Slug length prediction in near horizontal gas-liquid intermittent flow

Martin Cook, Masud Behnia*

*Corresponding author for this work

Research output: Contribution to journalArticlepeer-review

84 Citations (Scopus)


The statistical distribution of slug lengths in a gas-liquid pipeline evolves along the pipe as short slugs collapse. This results from a lack of development of the liquid velocity profile at the rear of each slug that is shorter than a minimum stable length. Experiments have been conducted in a 50 mm diameter tube inclined at +5°to the horizontal to determine the rate of collapse of short slugs as a function of their length. The data covers both stagnant and turbulent flowing liquid, in both the elongated bubble and slug flow regimes. The data shows that all the turbulent flow results may be correlated by the same expression regardless of the value of the slug liquid Reynolds number. This correlation is employed within a model adapted for horizontal flow that assumes a random distribution of slug lengths at the pipe entrance and calculates the evolution of the slug length distribution along a pipe. The results of the model are compared against experimentally determined slug length distributions obtained in a 16 m long pipe. The comparison between the calculated and observed average slug length is shown to be quite good over a range of flow rates and the overall shape of the length distributions is predicted well by the model. (C) 2000 Elsevier Science Ltd. All rights reserved.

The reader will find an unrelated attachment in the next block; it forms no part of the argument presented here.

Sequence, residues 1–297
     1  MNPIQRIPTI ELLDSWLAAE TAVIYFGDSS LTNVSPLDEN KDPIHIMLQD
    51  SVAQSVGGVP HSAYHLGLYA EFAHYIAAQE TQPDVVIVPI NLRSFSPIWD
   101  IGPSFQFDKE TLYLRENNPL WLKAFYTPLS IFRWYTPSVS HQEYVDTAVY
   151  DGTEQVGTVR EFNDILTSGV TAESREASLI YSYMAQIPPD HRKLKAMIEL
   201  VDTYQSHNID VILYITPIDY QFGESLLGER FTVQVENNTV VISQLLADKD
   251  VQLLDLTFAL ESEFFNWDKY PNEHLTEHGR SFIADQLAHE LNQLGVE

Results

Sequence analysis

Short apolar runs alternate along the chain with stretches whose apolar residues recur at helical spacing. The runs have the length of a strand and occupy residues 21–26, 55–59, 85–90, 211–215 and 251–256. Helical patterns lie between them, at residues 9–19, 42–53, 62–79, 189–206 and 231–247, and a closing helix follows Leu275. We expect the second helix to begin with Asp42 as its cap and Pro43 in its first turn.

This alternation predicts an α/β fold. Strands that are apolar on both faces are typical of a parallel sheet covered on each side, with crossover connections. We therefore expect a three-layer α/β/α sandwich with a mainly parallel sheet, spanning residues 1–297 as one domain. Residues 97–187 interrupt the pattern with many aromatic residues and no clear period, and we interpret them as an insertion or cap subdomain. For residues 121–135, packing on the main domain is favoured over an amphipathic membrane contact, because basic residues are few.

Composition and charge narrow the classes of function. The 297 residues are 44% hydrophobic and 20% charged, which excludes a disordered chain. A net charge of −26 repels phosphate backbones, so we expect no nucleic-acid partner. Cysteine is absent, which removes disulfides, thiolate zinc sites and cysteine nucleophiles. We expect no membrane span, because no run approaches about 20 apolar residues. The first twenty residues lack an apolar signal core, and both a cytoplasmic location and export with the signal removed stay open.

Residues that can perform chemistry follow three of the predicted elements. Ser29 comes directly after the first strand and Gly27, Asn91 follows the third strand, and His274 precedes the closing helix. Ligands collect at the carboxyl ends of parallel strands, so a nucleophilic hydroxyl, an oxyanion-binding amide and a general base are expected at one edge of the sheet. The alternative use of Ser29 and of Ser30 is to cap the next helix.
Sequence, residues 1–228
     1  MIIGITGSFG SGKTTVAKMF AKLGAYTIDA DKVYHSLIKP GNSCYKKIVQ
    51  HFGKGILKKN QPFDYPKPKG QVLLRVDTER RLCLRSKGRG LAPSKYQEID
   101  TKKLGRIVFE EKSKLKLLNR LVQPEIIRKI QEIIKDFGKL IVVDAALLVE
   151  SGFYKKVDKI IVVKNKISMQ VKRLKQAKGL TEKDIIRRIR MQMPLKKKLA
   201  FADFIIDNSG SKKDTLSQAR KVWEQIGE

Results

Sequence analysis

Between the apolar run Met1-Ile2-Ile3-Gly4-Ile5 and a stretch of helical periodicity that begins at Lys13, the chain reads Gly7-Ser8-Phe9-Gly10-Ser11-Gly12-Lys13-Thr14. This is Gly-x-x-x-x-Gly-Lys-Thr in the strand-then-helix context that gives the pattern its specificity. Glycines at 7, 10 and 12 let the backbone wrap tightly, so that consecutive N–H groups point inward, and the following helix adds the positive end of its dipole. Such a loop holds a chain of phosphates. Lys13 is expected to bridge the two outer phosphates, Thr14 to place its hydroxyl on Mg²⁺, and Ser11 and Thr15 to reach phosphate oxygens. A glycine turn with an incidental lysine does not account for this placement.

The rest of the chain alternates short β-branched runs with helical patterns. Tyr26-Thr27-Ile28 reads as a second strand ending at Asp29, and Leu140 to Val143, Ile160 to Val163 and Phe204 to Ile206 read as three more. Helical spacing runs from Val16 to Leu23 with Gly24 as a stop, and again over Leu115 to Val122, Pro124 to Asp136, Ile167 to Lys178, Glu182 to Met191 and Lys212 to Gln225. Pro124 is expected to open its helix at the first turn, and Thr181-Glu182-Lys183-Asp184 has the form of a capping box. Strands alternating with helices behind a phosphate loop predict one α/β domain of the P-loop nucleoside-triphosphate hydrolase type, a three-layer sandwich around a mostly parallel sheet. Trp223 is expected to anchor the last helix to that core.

Original languageEnglish
Pages (from-to)2009-2018
Number of pages10
JournalChemical Engineering Science
Issue number11
Publication statusPublished - Jun 2000
Externally publishedYes


  • Gas-liquid flow
  • Intermittent flow
  • Slug collapse
  • Slug flow
  • Slug length


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